A mistake we see prospective clients make is not spending enough time tax planning. Their tax planning is usually done after their taxes are filed, if at all. Taxes represent one of the largest drains on a family’s financial assets so managing its effects is important.
“Manage” is a good word for what we do. It connotes controlling what can be controlled and adapting to what cannot be controlled.
Tax rules are plentiful and complex and the number of tax planning twists and turns is vast. It is easy to make mistakes. However, this complexity provides opportunities for the savvy.
A balanced, long term view is also important. In addition to those that do little tax planning, we see others make costly mistakes by over emphasizing tax ramifications at the expense of other factors.
This is particularly true when it comes to investments. Some buy investments touting a tax advantage but they are not likely to be sound investments. Many private deals purporting “write-offs” fall into this category. We also see people engage in transactions to save taxes today without realizing how much they have increased their future taxes. A common example would be when deferred annuity contracts are sold to low-income seniors.
…complexity provides opportunities for the savvy.
We have identified six common tax planning strategies from an investment standpoint we use to benefit our clients. There are several more and each could be a newsletter topic itself, but here are the basics:
Portfolio transition – Tax planning begins immediately when we start working with new clients. Because we work directly and exclusively for clients, our advice is not tied to any particular product. Our financial planning process produces a portfolio design and structure that is tailored to each client’s unique needs. In most cases, we identify changes that should improve the portfolio. Changes can have costs and tax ramifications.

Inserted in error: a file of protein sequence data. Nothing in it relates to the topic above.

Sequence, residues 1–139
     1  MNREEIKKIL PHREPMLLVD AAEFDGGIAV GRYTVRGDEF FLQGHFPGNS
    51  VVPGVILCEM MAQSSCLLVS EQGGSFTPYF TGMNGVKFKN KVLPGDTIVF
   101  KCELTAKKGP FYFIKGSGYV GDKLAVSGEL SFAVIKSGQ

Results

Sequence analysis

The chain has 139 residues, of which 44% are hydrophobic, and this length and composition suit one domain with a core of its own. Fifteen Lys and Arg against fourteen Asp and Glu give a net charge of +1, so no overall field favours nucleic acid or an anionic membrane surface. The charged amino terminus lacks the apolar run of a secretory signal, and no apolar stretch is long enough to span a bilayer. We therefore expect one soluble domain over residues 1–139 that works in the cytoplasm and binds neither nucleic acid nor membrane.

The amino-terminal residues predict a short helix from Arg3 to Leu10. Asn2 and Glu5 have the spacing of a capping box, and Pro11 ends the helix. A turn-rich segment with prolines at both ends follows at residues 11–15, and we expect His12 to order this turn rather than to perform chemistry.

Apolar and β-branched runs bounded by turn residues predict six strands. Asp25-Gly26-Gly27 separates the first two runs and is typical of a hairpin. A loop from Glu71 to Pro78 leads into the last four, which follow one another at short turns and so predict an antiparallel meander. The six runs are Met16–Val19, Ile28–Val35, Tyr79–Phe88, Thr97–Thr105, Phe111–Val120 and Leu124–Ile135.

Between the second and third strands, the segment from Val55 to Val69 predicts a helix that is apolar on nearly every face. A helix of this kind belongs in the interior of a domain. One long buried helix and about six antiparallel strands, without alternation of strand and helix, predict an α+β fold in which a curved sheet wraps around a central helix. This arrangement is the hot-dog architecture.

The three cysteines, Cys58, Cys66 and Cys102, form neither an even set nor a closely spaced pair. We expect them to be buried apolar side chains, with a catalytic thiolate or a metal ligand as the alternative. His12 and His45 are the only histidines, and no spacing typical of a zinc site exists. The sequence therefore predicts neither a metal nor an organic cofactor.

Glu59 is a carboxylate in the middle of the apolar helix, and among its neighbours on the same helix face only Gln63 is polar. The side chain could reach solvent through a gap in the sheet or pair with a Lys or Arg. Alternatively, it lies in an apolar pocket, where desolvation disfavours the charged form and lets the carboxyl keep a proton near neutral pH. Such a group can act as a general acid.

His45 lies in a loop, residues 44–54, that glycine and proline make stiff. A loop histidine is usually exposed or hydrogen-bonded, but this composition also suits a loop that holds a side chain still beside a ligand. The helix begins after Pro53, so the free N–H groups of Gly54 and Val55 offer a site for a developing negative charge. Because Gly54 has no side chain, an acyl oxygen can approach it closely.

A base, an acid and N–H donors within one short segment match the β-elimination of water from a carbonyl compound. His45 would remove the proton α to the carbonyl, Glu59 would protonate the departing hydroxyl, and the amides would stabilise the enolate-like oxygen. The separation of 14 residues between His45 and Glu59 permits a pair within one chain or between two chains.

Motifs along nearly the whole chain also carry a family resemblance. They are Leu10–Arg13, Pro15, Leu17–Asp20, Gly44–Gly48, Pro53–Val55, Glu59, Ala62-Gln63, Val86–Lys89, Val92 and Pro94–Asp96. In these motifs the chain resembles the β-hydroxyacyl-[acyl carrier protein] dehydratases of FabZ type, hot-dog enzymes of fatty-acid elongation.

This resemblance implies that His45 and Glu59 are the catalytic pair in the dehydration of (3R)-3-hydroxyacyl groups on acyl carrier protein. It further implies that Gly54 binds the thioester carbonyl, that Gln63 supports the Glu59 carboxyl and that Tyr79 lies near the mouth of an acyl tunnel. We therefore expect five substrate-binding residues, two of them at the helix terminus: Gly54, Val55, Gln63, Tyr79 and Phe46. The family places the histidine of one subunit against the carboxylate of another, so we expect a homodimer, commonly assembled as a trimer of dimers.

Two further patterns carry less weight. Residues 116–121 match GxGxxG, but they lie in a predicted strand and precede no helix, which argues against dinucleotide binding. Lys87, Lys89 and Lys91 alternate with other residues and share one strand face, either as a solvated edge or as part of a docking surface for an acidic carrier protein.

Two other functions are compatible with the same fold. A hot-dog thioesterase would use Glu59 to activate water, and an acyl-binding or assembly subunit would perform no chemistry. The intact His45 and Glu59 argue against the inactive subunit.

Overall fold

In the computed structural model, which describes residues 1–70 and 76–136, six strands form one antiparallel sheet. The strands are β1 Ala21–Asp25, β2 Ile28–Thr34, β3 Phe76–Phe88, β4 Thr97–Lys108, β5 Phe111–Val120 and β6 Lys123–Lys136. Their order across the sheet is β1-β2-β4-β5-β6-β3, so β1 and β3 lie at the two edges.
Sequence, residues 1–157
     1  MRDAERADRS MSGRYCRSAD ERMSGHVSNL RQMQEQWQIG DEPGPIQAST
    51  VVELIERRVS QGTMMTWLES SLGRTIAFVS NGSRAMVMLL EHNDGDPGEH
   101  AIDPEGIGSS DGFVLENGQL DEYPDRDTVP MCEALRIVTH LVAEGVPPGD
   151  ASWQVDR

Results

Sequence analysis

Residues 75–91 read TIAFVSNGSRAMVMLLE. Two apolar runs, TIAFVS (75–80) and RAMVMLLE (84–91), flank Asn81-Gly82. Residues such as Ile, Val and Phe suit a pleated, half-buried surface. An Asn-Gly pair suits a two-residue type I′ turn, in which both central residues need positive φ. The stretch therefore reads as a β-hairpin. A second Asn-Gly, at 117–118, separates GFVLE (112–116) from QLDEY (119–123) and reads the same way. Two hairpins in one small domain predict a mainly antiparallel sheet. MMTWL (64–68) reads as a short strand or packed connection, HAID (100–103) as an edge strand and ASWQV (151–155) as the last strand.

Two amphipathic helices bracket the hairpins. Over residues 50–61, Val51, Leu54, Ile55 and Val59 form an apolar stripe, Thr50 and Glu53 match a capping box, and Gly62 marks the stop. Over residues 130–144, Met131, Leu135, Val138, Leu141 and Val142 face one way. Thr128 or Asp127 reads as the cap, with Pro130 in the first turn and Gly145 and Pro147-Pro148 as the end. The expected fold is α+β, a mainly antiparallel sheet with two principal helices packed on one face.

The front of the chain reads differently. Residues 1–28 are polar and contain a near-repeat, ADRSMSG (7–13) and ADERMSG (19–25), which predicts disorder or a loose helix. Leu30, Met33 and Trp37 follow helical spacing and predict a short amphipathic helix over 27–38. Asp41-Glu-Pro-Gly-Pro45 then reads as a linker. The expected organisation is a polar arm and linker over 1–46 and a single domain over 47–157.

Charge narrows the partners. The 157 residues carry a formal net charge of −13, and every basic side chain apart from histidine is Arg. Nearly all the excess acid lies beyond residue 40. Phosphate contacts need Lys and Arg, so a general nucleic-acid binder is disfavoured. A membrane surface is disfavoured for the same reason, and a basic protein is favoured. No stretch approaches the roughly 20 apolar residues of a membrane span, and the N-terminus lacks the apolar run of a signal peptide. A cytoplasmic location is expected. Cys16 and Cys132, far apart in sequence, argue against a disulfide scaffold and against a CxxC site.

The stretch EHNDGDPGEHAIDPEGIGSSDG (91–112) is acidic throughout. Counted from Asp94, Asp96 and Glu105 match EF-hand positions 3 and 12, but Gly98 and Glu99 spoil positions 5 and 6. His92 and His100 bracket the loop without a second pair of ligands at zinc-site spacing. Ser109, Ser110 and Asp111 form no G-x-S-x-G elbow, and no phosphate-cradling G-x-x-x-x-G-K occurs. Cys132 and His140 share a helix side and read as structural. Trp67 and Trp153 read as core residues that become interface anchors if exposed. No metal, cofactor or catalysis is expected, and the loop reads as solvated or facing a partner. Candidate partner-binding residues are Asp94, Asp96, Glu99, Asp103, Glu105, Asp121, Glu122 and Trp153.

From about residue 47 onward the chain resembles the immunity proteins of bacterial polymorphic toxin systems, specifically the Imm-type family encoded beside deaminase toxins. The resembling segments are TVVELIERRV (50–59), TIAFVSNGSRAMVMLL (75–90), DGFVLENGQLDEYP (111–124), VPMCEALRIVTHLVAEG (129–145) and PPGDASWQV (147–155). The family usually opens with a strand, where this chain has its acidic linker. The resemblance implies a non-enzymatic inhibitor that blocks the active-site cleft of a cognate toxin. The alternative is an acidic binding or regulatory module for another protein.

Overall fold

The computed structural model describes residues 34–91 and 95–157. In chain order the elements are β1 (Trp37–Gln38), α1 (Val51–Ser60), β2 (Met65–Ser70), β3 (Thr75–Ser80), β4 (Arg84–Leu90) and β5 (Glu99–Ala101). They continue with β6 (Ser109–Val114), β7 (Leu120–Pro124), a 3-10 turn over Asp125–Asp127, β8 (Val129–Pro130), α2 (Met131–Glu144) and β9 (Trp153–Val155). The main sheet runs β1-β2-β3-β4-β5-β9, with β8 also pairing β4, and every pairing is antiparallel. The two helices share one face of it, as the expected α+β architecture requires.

We certainly want to put clients into holdings which are best for them, but we will not just dump existing holdings blindly. We see far too many “advisors” do this primarily because their goal is to get the money out of whatever the client owns and into whatever products the advisor sells. Their compensation is tied to the products. Our goal is to maximize the odds our clients will reach their goals. Period. To do this, we seek to minimize all transition costs to only those which are necessary. In short, after we develop a strategy for our client’s future, we devise an exit strategy from their existing holdings and manage the transition, all of which is done solely in the client’s best interests.
Asset location – Asset allocation is a better known term but asset location is important too. Some investments are less tax efficient than others. For instance, interest on most bonds, dividends paid by real estate investment trusts, many preferred stocks, and many overseas companies are taxed at ordinary income tax rates. Most municipal bonds pay tax-free interest. Stocks which pay no dividends generate no tax liability until sold. If held for more than a year, these gains are taxed at long-term capital gain rates which are lower than ordinary income rates for all taxpayers. To the extent it makes sense within a family’s financial plans, by strategically “locating” highly taxed assets in tax sheltered accounts such as retirement plans or IRAs, total portfolio returns can experience less erosion due to taxes.
Tax-efficient vehicles – Some investment products and approaches are inherently more or less tax-efficient than others based on how they are structured and operated. High turnover strategies, approaches that use leverage, hedge with options or futures contracts, and managers who are free to make large bets or are free to add anything at any time, all tend to produce more taxable income and capital gain distributions than the more prudent, carefully structured long-term vehicles we favor.
Loss harvesting – No one wants losses but all investment assets decline in value from time to time. By turning a paper loss into a realized loss, taxes on gains and up to $3,000 of ordinary income may be offset in any given year. Losses that cannot be used for tax reduction in the year the losses were “harvested” can be carried forward into future years. This is no free lunch. Loss harvesting can cause future gains to be larger if one is not careful. Nonetheless, for high tax bracket clients in particular, opportunistic loss harvesting can lower taxes without disturbing a sound, long term investment plan.
For us, tax planning has no “season.” It is a year-round endeavor.